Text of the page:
Token Dissonance

Black & gay, young & conservative. A Southern gentleman writes about life and politics after Yale

Voter Fraud & Wisconsin

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“You constantly hear about voter fraud… but you don’t see huge amounts of vote fraud out there.” –Eric Holder (who doesn’t see huge amounts of executive integrity, either)

Romney campaign misleads Wisconsin voters with American flags. We’re on to you!

One of my favorite parts about being a reasonably well-liked Ivy League alumnus is that among many of my friends I am something of a token ambassador from conservative America. Military brats are a rare species in the liberal academies of the Northeast—even more so than those of us who regard sequestration, liberal antipathy to drones, or the College serving fried chicken and fake cornbread for Martin Luther King, Jr. Day with polite horror—and folks who say “y’all” or prefer sweet tea and chivalry without irony blend as naturally as Eric Cantor in Manhattan. (By the way, when snow accumulates in the Northeast, one is actually expected to venture outside and function with uninterrupted normalcy. Yes, their cruel efficiency never sleeps.)

One of the many duties of a token conservative is to apologize to indignant liberals for all the alleged craziness of my fellow travelers in the Vast Right-Wing Conspiracy. Put another way, I am encouraged to remain up to speed on the latest left-wing talking points, dog whistles, and accusations of perhaps criminal extremism. The latest incident deals, as does so much of the drama in this cycle, with Wisconsin. Specifically, perennial hack-that-cries-wolf social justice chronicle Think Progress found what it presented as evidence of the Romney campaign training poll watchers to mislead voters, the “story” commenced the rounds on leftist blogs, and I got called to give account. So here it is.

Progress Senior Reporter Scott Keyes of Ohio leads with the case of ex-felon voters:

CLAIM: Any “person [who] has been convicted of treason, a felony, or bribery” isn’t eligible to vote. (Page 5)

FACT: Once a person who has been convicted of a felony completes his or her sentence, including probation and fines, that person is eligible to vote.

The “probation and fines” point is key here, as it means paroled convicts who are ineligible to vote might show up to polls claiming otherwise. But conveniently enough, Wisconsin law requires that ex-felons receive notice, in writing, of their restored franchise when such point arises. This written confirmation is perfectly presentable to any poll worker, and there is no evidence of the Romney campaign instructing observers to confiscate, ignore, or otherwise reject these letters.

After quibbling over the semantics of an exhaustive list of acceptable proofs of residency, Mr. Keyes continues his case with alleged conspiracy to curb curbside voting for the disabled:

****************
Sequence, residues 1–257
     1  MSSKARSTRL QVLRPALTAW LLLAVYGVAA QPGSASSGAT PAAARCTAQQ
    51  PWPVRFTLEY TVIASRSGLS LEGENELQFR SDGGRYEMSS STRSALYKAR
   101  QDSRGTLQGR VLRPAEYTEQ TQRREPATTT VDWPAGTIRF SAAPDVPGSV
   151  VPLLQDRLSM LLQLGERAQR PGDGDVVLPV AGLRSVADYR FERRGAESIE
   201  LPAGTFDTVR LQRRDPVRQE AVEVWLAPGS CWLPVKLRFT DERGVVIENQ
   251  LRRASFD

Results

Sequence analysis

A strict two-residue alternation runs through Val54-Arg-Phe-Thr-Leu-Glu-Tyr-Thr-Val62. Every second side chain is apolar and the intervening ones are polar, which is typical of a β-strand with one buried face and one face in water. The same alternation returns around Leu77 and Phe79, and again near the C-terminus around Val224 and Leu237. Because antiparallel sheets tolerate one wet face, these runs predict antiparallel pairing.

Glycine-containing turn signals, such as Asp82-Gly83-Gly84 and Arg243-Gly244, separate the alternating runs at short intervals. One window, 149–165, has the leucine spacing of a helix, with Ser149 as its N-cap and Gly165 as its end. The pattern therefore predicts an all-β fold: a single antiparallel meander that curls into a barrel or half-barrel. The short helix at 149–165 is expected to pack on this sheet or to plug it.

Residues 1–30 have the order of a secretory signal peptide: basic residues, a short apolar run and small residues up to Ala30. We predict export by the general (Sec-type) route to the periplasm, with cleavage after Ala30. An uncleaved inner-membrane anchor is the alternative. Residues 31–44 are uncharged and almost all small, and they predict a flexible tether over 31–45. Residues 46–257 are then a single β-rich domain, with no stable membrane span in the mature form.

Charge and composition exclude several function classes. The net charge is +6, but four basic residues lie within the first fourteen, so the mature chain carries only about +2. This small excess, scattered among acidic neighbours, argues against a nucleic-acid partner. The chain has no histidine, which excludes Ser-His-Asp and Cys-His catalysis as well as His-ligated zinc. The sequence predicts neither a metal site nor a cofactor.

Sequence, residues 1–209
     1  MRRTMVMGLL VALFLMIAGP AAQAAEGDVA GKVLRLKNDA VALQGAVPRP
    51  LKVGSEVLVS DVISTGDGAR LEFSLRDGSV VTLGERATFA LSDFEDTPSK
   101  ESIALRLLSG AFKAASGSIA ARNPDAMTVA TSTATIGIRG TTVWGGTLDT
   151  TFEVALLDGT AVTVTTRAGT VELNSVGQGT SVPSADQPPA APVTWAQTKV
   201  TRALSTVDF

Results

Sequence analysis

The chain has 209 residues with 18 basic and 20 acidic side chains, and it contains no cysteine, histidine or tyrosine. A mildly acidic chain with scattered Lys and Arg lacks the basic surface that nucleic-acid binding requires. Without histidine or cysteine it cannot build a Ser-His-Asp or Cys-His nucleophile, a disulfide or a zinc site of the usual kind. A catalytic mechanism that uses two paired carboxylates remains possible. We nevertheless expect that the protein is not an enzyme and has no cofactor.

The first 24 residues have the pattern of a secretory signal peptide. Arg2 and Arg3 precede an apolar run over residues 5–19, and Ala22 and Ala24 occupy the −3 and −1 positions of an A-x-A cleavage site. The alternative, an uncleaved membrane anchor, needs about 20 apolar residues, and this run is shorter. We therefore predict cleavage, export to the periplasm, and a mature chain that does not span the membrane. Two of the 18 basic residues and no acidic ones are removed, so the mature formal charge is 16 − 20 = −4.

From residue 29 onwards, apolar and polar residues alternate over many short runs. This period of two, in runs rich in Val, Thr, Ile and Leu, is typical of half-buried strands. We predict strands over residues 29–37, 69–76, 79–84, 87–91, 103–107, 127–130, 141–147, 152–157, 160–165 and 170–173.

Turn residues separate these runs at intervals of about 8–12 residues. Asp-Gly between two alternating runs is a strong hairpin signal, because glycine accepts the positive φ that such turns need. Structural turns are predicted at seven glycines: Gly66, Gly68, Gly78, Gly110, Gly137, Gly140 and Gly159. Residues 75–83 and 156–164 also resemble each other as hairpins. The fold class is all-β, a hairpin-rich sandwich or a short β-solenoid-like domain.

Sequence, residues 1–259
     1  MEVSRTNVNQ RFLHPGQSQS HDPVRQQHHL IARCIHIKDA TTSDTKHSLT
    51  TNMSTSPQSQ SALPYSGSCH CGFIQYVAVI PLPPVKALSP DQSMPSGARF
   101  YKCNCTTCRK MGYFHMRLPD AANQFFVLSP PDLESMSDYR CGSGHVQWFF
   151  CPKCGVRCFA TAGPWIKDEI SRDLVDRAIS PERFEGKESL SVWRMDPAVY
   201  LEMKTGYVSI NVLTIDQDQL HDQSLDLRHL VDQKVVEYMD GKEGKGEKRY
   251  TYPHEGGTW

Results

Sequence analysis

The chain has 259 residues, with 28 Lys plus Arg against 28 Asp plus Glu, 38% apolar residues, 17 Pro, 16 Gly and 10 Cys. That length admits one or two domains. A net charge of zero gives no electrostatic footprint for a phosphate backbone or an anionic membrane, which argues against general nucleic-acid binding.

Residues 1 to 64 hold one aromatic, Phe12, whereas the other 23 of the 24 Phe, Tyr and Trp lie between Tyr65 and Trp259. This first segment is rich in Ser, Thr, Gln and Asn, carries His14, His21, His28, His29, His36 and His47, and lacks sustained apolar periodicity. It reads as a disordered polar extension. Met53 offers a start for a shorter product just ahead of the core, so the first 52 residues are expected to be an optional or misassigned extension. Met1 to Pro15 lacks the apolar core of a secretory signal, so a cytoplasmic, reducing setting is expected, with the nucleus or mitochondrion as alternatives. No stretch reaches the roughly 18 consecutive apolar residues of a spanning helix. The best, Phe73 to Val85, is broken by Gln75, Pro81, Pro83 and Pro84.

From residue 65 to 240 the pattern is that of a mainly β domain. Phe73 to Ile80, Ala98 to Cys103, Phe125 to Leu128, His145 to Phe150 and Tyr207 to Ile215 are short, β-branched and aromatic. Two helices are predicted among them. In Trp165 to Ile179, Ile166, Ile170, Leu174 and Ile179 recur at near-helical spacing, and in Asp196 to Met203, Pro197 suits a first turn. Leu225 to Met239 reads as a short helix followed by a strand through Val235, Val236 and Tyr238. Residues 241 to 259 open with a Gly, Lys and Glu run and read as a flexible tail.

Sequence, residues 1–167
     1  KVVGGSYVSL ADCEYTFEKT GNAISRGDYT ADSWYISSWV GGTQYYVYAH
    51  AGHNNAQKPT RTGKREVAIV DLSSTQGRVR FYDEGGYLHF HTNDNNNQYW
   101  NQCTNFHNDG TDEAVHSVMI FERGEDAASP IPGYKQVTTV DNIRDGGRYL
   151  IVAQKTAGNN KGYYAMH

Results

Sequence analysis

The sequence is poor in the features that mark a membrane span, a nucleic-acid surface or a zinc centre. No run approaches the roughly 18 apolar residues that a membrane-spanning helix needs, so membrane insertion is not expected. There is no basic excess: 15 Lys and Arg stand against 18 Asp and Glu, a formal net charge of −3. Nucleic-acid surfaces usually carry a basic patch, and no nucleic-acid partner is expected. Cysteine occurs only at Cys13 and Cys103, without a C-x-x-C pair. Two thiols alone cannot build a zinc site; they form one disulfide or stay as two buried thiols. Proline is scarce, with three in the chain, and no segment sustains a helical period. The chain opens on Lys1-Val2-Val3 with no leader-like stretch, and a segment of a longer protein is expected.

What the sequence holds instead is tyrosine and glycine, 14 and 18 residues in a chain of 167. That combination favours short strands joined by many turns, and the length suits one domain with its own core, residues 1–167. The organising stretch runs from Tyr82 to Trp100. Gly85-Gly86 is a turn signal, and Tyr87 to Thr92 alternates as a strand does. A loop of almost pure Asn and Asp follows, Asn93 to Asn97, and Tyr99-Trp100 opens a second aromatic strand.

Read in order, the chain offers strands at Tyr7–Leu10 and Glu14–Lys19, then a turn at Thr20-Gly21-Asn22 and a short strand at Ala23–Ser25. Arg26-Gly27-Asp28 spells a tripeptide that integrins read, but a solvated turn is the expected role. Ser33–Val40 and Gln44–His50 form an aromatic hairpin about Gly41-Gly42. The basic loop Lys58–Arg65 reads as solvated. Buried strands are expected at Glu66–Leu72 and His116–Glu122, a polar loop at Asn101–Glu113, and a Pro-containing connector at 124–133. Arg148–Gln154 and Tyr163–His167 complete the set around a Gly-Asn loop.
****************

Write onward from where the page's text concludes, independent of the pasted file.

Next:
CLAIM: “If a handicapped voter is unable to come into the polls to vote, an assistant can deliver the ballot to the voter if the CEI verifies the elector’s proof of residency.” (Page 10)

FACT: Under Wisconsin law, the CEI (Chief Election Inspector) does not have to verify proof of residency so long as the voter is registered.

A more accurate description of the actual policy is:

Curbside voting is available if a voter cannot enter the polling place due to disability on Election Day. Photo ID must be provided. Proof of residence must be provided if you are not registered. Two poll workers will bring a ballot to the individual needing assistance, and conduct voting at their vehicle, or at the polling place entrance.

As you can see, the point about the CEI is misleading. The identifying information must be verified, and then poll workers will assist.

This brings us to the last “fact-check” against the Romney operation:

CLAIM: “Election Observers should not assist [voters].” (Page 10)

FACT: A voter can ask for assistance from anyone, including a poll watcher, so long as the voter initiates the request and does not engage in electioneering.

I hope you’ll forgive the effrontery of noting that the campaign never says observers “cannot” assist voters, only that they should not do so. Given the whole do “not engage in electioneering” bit, it would follow that internal advice would aim to shield the campaign’s observers from charges of voter tampering. As the campaign notes, voting assistants must leave all their personal information alongside the assisted voter, and it is not unreasonable to expect that any kindness rendered by its affiliates would later be held against an interested campaign.

To be sure, politics is messy and sometimes people engage in dubiously scandalous or illegal behavior. Just recently, an Obama campaign staffer in Texas was caught trying to help someone vote twice. Elsewhere in the Old Confederacy, the Florida Democratic Party is under investigation for voter fraud and three Arkansas Democrats were arrested for it. Perhaps Keyes’s article is just another salvo in the eternal battle of accusations between pots and kettles.

At any rate, I wouldn’t extrapolate from any of this that the Obama campaign and allied Democrats are trying to steal the election (though I’m sure others will and are), unless I find really compelling evidence of a deliberate, systemic hostility to the integrity of the voting process.

Remember your ID at the polls!


Author: Rek

A gay Southern conservative with a fondness for God, guns, and gridiron. I'm a veritable pocket full of sunshine.

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